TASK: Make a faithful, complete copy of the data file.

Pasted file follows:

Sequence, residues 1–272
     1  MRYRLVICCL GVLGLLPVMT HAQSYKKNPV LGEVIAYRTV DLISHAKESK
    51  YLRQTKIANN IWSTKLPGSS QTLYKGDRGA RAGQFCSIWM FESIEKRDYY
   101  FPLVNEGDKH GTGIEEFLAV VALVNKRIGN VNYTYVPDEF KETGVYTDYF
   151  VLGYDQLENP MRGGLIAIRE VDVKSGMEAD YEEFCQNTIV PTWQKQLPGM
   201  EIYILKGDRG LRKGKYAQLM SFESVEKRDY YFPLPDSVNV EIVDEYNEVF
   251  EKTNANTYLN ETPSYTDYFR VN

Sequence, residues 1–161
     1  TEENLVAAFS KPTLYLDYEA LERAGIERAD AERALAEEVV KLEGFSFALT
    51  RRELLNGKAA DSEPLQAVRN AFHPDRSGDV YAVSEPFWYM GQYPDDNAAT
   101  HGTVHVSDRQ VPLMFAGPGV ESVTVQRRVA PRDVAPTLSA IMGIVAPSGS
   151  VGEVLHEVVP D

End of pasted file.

Sequence, residues 1–272
     1  MRYRLVICCL GVLGLLPVMT HAQSYKKNPV LGEVIAYRTV DLISHAKESK
    51  YLRQTKIANN IWSTKLPGSS QTLYKGDRGA RAGQFCSIWM FESIEKRDYY
   101  FPLVNEGDKH GTGIEEFLAV VALVNKRIGN VNYTYVPDEF KETGVYTDYF
   151  VLGYDQLENP MRGGLIAIRE VDVKSGMEAD YEEFCQNTIV PTWQKQLPGM
   201  EIYILKGDRG LRKGKYAQLM SFESVEKRDY YFPLPDSVNV EIVDEYNEVF
   251  EKTNANTYLN ETPSYTDYFR VN

Sequence, residues 1–161
     1  TEENLVAAFS KPTLYLDYEA LERAGIERAD AERALAEEVV KLEGFSFALT
    51  RRELLNGKAA DSEPLQAVRN AFHPDRSGDV YAVSEPFWYM GQYPDDNAAT
   101  HGTVHVSDRQ VPLMFAGPGV ESVTVQRRVA PRDVAPTLSA IMGIVAPSGS
   151  VGEVLHEVVP D